I was interviewed for this yahoo.com article posted today about the opinion of one “Chinese mother” (her label) on the difference between Western parenting and Chinese parenting. How self esteem is really cultivated is certainly in question.
“Western parents are concerned about their children’s psyches,” Chua wrote in her recent Wall Street Journal article. “Chinese parents aren’t. They assume strength, not fragility, and as a result they behave very differently…. That’s why the solution to substandard performance is always to excoriate, punish, and shame the child. The Chinese parent believes that their child will be strong enough to take the shaming and to improve from it.”
What do you think?
I think it’s important to note that according to recent studies, Asian-Americans between the ages of 15 and 24 have the highest suicide rates of all ages in that age group. They have the highest rates of depression as well. “Model minority” and the intense pressures to achieve are often cited as factors of the suicides.
While we all have a lot to learn from one another—perhaps Western parents allow their children to quit too easily and may not push hard enough and Chinese parents (as defined by the writer) push too hard and use too many radical methods to ensure achievement—we know that self esteem, sense of self, and individuality develop throughout childhood.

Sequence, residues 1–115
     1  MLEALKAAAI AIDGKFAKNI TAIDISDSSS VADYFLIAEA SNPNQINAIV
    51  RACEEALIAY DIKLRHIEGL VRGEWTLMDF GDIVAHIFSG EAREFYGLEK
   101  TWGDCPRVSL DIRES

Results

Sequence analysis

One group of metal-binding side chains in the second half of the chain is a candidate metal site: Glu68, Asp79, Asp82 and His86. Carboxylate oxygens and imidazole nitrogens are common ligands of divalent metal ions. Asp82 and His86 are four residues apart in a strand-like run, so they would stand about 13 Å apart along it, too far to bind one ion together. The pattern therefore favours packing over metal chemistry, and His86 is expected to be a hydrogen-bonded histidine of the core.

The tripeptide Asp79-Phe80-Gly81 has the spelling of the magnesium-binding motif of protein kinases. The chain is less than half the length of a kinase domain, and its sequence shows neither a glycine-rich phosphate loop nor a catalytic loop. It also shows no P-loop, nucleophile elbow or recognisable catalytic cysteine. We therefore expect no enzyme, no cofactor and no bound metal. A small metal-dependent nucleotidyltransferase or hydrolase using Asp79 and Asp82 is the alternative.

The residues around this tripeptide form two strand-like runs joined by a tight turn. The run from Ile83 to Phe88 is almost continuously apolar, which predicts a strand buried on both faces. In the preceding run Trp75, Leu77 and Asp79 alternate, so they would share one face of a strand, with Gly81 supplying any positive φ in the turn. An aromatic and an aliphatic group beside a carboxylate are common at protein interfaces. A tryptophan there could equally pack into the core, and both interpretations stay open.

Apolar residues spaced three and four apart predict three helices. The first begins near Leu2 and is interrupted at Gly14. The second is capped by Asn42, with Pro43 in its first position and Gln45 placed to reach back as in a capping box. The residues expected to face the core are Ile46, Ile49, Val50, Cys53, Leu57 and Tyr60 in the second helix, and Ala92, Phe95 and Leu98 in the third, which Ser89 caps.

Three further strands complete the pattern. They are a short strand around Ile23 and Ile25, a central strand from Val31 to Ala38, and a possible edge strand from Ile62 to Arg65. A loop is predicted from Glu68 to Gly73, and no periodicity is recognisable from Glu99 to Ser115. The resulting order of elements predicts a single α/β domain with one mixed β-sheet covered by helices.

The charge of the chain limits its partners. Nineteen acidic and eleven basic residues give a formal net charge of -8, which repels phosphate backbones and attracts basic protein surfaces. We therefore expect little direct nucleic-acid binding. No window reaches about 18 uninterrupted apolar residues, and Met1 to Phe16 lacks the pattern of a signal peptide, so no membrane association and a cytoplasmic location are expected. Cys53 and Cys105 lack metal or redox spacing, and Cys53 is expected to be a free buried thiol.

How should success be defined within families? How do we know how hard we must push?
“If you look at the suicide and depression statistics of Asian-Americans, I think they contradict her assumption that this kind of verbal abuse has no effect,” says Dr. Robyn Silverman, a child-development expert and professional speaker. “Suicide is the second leading cause of death among Asian American women, ages 15-24. Asian American women, ages 15-24 and over 65, have the highest female suicide rates across all racial/ethnic groups…and family pressures are often cited as factors.” Read more